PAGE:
I guess every country has its own spooks---in America and Europe, they have vampires, werewolves, monsters, fire-spewing dragons, and Frankensteins. Ireland's favorite is the leprechaun, which is probably first cousin to our "nuno-sa-punso." We can match our own "aswangs," "magkukutud," "kapres" or "tikbalangs" against theirs! When I was a boy and just beginning to notice those lovely creatures in skirts, what scared me most was when my mother learned that I played hookey and she had her slipper ready! Or when my father found out that I messed up our car's stick shift transmission by trying to drive it. Not so much with ghosts and other supernatural beings--- I just pretended to be scared because I could always run to my pretty Visayan yaya for TLC. It was more of an instinct than anyting else, I suppose.

Pinoys are fanatical about visiting their dead, probably out of a sense of duty rather than tradition. Overseas Pinoys would rather time their balikbayan visits to coincide with All Saints' Day because it is the perfect time for family reunions without having to play Santa Claus. Local Pinoys will fight tooth and nail scrambling for an available seat on the bus just to make it to the old province on time. Who cares about the coming typhoon, they have to catch the ferry or even an obviously overloaded boat to their destination. It's almost like Holy Week---we look forward to taking Wednesday afternoon off with the holidays lasting up to the rest of the week.

You might have your own spook---your grandfather's ghost haunting you, the scent of flowers when you talk about a loved one, if you have goose pimples when a breeze blows against the curtains, your teacher threatening to fail you if you don't brush up in math, and, of course, the sight of the dentist (what could be scarier?).

We all grew up with our "favorite" spook. My sister would always recall the night she "saw" a "kapre" stradling a sampaloc tree, with smoke coming out of his mouth and smelling like an Indian in summer, with eyes a-glimmer like tiny Christmas lights. My brother swears he once heard wings flapping, and as he looked upwards there a "magkukutud" or "manananggal," with only the upper torso showing. Nowadays "mananaggals" are not so active, afraid to leave their lower half---what with the spate of gang rapes, etc. Besides, they can only found in the Visayas---so my brother had his spooks mixed up! As for aswangs, they were the most common. You could have one in your own household without knowing it!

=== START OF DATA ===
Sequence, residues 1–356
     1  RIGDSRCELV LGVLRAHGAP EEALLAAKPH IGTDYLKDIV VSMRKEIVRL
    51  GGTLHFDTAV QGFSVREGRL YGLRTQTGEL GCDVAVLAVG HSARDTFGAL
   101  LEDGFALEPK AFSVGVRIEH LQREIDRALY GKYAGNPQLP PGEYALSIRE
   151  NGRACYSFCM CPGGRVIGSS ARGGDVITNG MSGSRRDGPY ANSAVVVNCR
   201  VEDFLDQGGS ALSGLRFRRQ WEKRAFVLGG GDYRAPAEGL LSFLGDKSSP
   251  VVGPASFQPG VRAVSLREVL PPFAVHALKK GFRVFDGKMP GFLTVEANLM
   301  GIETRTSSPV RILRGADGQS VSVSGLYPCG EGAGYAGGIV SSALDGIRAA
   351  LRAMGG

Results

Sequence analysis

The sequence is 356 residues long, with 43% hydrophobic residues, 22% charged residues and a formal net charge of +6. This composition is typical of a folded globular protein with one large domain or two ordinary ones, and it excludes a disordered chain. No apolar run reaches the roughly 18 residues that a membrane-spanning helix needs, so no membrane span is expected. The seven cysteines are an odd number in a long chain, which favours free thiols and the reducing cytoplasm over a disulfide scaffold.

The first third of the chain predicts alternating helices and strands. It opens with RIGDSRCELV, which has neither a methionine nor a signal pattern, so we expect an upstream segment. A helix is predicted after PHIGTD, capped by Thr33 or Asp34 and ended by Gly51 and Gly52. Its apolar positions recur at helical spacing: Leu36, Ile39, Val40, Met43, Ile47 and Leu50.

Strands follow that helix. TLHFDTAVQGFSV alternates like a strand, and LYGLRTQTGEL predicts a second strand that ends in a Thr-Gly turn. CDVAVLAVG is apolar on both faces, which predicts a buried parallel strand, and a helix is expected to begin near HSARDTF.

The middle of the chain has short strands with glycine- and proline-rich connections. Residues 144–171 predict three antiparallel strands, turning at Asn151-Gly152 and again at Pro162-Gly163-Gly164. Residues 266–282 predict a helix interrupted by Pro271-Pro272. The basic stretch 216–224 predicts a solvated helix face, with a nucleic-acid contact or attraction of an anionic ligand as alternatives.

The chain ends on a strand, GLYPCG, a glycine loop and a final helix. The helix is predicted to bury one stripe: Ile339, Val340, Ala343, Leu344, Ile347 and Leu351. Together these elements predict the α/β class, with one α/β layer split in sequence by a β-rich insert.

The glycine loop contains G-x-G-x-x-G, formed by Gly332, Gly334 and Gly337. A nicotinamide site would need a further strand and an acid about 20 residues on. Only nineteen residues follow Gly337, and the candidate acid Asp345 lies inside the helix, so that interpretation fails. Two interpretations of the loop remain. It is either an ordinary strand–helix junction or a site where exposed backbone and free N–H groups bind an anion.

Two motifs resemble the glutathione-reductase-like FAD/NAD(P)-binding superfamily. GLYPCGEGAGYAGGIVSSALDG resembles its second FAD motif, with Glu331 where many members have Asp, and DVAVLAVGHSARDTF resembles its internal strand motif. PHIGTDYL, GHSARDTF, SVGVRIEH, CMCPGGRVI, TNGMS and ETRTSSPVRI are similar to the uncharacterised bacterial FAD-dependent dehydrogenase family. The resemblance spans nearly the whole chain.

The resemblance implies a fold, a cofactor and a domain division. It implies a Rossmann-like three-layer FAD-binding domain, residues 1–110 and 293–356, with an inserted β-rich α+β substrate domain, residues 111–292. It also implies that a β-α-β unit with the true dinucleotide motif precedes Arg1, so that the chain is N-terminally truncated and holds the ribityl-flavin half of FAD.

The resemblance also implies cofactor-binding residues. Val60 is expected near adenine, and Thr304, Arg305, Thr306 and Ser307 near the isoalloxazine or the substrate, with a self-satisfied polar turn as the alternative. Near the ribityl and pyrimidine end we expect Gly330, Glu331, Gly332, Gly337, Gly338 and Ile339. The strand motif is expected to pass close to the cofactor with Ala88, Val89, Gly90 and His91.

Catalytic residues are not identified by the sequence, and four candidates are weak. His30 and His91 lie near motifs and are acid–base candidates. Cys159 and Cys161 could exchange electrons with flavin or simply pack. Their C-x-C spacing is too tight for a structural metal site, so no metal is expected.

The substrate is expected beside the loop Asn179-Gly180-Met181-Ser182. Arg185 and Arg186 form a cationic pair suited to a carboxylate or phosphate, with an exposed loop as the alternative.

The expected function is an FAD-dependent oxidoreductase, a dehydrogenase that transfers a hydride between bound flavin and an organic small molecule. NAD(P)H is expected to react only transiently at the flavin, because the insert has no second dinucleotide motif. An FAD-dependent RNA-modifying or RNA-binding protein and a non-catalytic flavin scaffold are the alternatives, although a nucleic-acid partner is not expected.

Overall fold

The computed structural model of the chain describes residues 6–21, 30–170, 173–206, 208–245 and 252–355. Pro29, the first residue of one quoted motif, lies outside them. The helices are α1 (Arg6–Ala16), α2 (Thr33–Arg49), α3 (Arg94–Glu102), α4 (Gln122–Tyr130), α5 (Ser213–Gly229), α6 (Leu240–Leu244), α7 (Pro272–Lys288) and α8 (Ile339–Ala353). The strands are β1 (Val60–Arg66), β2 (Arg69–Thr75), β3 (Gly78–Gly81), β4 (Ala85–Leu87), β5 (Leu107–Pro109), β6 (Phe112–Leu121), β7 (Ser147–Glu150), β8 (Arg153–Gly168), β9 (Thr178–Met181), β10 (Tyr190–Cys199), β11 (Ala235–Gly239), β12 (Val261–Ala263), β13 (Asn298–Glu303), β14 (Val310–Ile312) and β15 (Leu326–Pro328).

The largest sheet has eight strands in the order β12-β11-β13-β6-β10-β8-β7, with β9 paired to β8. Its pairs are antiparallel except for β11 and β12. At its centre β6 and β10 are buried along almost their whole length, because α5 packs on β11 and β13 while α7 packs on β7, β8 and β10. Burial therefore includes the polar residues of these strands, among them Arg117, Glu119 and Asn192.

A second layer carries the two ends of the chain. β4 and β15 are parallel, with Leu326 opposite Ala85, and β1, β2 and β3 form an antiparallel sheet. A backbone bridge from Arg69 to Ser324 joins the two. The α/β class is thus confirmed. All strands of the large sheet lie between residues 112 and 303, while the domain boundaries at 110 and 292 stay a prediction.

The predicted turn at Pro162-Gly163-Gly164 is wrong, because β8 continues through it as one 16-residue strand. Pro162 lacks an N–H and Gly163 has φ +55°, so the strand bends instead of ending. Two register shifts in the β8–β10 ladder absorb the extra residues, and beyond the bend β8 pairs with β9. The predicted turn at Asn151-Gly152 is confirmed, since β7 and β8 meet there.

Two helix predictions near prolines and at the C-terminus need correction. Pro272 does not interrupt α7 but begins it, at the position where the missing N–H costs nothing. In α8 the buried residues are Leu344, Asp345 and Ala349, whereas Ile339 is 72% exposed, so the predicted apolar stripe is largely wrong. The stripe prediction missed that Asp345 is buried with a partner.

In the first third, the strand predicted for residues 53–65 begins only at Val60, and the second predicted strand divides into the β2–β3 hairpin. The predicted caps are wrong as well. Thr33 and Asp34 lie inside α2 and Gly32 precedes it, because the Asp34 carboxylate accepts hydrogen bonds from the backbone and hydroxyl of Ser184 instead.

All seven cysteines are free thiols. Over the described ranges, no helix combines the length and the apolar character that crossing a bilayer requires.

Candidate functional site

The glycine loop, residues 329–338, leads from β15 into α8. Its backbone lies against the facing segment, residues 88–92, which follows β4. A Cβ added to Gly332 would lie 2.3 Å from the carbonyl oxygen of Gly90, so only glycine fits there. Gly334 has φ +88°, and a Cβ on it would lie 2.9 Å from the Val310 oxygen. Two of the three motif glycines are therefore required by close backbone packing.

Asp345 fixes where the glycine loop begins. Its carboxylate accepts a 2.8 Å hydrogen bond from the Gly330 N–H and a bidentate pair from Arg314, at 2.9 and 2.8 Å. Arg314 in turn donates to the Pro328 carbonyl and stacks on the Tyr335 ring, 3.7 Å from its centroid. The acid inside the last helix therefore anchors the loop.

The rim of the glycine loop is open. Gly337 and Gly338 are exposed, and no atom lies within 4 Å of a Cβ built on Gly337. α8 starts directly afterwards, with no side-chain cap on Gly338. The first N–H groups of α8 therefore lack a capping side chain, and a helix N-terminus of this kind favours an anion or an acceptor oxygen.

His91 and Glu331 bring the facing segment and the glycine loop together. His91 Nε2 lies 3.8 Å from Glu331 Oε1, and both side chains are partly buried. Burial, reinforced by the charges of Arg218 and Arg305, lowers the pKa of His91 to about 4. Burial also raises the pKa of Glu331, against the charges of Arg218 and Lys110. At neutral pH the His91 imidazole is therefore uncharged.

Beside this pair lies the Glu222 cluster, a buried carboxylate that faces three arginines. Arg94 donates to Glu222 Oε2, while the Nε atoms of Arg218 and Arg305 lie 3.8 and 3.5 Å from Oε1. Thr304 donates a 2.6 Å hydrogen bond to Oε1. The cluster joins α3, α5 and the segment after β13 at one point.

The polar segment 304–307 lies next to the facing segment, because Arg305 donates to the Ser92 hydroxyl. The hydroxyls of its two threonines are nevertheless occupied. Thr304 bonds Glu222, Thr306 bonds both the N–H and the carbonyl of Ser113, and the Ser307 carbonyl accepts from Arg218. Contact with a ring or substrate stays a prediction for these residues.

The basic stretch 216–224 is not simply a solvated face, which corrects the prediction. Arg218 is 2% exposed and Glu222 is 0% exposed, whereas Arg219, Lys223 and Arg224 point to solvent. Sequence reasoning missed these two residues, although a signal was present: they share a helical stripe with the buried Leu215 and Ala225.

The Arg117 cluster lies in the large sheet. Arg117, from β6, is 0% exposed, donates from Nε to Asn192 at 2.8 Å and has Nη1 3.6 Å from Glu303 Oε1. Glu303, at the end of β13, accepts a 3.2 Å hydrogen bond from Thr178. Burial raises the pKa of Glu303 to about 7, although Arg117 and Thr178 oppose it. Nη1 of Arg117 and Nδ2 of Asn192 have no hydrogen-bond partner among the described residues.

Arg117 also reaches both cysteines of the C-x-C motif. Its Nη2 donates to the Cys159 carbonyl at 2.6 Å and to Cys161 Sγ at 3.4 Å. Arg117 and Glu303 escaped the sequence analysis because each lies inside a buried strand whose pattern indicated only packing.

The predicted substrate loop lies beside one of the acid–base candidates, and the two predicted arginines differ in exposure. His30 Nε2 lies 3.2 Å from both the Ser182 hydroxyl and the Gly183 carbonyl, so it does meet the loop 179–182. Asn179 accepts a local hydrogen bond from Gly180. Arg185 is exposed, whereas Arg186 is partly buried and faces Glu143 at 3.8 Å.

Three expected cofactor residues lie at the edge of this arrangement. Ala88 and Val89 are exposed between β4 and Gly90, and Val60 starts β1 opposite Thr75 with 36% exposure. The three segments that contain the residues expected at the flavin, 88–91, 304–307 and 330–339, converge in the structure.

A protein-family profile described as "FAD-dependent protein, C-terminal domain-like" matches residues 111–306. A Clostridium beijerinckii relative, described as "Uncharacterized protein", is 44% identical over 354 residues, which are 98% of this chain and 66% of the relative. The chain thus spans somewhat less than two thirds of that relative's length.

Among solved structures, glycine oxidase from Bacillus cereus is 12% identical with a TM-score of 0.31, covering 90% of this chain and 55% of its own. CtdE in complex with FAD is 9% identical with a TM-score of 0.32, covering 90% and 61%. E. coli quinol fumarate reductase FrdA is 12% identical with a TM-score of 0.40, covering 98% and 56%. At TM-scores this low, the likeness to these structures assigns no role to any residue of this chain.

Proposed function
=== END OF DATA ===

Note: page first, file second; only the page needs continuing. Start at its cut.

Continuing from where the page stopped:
If you believe in the spiritual and not-from-this-earth beings and are deathly afraid of them, you are not alone. But if there is something or somebody that you should really fear ---it's the guy sitting next to you. He could be a bag snatcher or a pickpocket. He should be your spook, anytime of the year!

Pardon me while I go trick or treating. I hope you enjoy your holiday as well!


[About the author. Wilfrido David first retired as Computer-Analyst from the Ayala Group of Companies. He immigrated to the US in 1985, worked there for another 25 years in the Medical Field (Medical Lab Tech), until he retired for the second time. Sometime ago, he was involved with FAANM (Filipino-American Association of New Mexico) as correspondent-contributor-writer-editor, publisher—all rolled into one. He says about that stint, "I ran out of energy, patience, and money but kept on with my duties until the next set of association officers were voted in." The earliest writing he did was for his high school paper in Holy Angel University. His present writing derives from the perspective of a Filipino expat in the US who faithfully keeps up with what's happening in the home country, as gleaned from his Filipino channels on DirecTV, aside from CNN and HLN.]

-Posted: 1:32 PM 10/31/2009 | More of this author on eK!